April 14, 2004
By Mike Krause
Colorado is one of about 30 states not operating a prescription drug monitoring program on behalf of the federal government. The Office of National Drug Control Policy (ONDCP) and the Drug Enforcement Administration (DEA) have a plan to change that. Colorado should tell the feds to carry their own water.
Warning about a “growing new menace,” the same federal drug war bureaucracy, which has failed spectacularly in the war on illegal drugs, has turned its barrels onto prescription pain relief drugs, the doctors who prescribe them, and patients who use them.
In March, ONDCP announced a new plan, as part of the larger 2004 National Drug Control Strategy to “combat prescription drug abuse.” http://www.whitehousedrugpolicy.gov/news/press04/030104.html
>As part of the new strategy, “ONDCP and DEA will work with state officials to expand the number of Prescription Monitoring Programs (PMPs) and to facilitate information sharing among jurisdictions.” http://whitehousedrugpolicy.gov/news/press04/prescrip_fs.pdf
In other words, they want Colorado — and the rest of the states — to make it easier for federal drug agents to track, monitor and otherwise snoop into the private and highly personal relationship between doctor, patient and pharmacist. In other words, a further expansion of the Surveillance State.
But is this really a crisis requiring greater government reach into peoples private lives? Or is this just federal overreach: a way for the DEA, having failed in its main mission to stem the tide of illegal drug use, to justify its budget and prop up its prosecution count by going after easier targets? This year alone, two federal reviews, including one by the Government Accounting Office, laid bare the DEAs poor performance in fighting illegal drug use.
Among the governments justification for what Drug Czar John Walters calls “a widespread and serious problem in this country, one that calls for immediate action”, is the claim that 6.2 million Americans abused prescription drugs in 2002. The governments numbers should be taken with a grain of salt. For instance, government officials claim that nearly 500 people died from overdosing on the prescription drug OxyContin in 2002; but an article in the Journal of Analytical Toxicology found only 12 cases in which OxyContin specifically was the cause of death. All the others died from poly-drug abusemixing OxyContin with other substances such as alcohol or cocaine. A significant distinction. https://www.jatox.com/abstracts/2003/mar/57-cone.html
The April 12th edition of the American Medical News — the news arm of the American Medical Association — editorialized: “While the government estimates that 6.2 million Americans abuse prescription drugs (often opioid painkillers), an untold number of the many millions of Americans who experience chronic pain are undertreated for that pain. Some of the methods used to control drug abuse make physicians fearful of prescribing opioid painkillers for patients who truly need these medications.” http://www.ama-assn.org/amednews/2004/04/12/edsa0412.htm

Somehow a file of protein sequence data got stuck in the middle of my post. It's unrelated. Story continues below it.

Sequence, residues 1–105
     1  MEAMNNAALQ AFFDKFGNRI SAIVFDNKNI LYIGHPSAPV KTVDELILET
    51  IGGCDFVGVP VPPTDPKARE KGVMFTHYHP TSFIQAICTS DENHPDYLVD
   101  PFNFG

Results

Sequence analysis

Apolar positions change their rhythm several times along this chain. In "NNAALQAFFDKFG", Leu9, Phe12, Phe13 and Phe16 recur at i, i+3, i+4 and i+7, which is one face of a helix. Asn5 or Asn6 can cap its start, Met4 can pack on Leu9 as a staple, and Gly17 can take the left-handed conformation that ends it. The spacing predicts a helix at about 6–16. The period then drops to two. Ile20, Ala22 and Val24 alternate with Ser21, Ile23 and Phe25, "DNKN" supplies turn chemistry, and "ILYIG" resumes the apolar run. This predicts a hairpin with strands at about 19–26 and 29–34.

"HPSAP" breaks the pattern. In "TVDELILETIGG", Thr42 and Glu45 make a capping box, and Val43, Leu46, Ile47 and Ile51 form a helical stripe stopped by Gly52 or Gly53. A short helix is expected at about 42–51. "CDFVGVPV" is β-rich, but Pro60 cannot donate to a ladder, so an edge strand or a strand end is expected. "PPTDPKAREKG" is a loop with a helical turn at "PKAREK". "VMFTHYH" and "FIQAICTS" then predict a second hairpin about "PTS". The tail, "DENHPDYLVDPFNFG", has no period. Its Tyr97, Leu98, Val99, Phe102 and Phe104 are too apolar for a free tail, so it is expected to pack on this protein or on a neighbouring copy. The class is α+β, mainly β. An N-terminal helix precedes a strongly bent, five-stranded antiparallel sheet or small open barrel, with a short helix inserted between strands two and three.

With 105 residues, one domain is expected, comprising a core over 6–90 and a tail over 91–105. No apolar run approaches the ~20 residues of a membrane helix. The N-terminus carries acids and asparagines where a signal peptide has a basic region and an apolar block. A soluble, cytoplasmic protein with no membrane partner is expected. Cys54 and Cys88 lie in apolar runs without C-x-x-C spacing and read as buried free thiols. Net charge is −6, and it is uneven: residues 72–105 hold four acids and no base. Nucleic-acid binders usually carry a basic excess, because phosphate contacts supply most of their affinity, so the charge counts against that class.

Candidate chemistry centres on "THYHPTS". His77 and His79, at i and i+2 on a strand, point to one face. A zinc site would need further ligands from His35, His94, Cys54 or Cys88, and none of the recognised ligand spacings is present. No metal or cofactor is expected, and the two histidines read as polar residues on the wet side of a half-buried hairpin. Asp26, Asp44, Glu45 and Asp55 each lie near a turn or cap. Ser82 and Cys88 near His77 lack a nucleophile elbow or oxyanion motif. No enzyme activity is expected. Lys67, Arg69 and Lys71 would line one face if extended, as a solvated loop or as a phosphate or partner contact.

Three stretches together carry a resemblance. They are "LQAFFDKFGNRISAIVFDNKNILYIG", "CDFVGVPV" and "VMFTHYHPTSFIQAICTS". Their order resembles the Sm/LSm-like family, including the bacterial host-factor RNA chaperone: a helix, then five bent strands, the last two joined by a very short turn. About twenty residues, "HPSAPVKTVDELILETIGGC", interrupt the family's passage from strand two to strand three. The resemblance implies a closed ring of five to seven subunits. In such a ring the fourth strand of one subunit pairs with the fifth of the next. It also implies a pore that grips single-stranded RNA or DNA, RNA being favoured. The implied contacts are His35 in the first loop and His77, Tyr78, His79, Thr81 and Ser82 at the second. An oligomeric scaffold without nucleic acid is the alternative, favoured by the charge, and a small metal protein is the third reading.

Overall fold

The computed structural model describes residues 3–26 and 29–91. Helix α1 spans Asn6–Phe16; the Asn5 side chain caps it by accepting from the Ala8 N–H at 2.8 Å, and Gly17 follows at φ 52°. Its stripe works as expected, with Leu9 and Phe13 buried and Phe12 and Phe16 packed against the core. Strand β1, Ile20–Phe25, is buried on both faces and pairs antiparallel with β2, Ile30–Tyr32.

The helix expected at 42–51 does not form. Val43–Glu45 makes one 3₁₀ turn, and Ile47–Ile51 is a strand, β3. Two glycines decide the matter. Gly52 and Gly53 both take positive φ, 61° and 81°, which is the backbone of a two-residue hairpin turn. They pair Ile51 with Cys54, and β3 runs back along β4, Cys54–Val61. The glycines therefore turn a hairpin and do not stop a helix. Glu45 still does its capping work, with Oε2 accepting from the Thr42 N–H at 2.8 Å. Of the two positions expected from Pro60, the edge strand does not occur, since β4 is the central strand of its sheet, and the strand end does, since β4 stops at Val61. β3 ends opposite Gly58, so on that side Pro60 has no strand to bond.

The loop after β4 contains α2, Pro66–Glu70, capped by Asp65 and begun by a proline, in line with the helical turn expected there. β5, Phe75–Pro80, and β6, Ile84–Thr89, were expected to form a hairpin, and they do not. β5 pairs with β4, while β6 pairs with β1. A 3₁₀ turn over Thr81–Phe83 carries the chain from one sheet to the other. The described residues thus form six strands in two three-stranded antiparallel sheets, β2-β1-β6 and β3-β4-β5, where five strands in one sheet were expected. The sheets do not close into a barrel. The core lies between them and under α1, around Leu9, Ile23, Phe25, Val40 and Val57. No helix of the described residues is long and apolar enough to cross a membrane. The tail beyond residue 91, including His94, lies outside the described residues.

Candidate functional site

In other words, by striking fear of prosecution into the hearts of physicians, the government, in an attempt to punish those who foolishly abuse prescription drugs, will punish untold millions of chronic pain patients.
While the crackdown on doctors has been going on for some time — reaching back to the Clinton administration — under the Ashcroft Justice Department, it has taken on a hard-ball edge. In 2003, physician Deborah Bordeaux was convicted under the federal drug-kingpin statute, which carries a mandatory minimum sentence of 20 years, for dispensing opiates to patients suffering from chronic pain at a South Carolina clinic, where she had worked for two months.
The harshest drug war statutes, originally intended for cocaine cartels and violent criminal drug gangs, are now being applied to doctors. As Doctor David Weisman, Professor of Hematology/Oncology at the Medical College of Wisconsin writes, “Fear of the DEA, as the most visible representative of a much more complex drug regulatory system, is a well-recognized barrier to prescribing opioid analgesics.” The American Association of Physicians and Surgeons (AAPS) is now recommending to doctors that they simply avoid prescribing medicines out of favor with the DEA.
So what does all this mean for the doctor/patient relationship? As Doctors Michael Glueck and Robert Cihak, writing for NewsMax.com put it, “The problem goes much deeper than out-of-control drug cops. The government is relentlessly forcing the American physician to become the servant of the state, as hyper-regulated caregiver and as on-call policeman, under constant threat of criminal prosecution.”
And those Coloradoans who either now, or someday suffer from chronic pain, may find their course of treatment being decided by federal drug agents rather than by their physician.
Colorado has little or no say as to who the federal government targets, nor what kind of tactics they use. But Colorado can show its respect for the sanctity of the doctor/ patient relationship and opt out of the prescription monitoring scheme. And simply tell the DEA that if they want to snoop into the relationship between Coloradoans and their physicians, to do it themselves.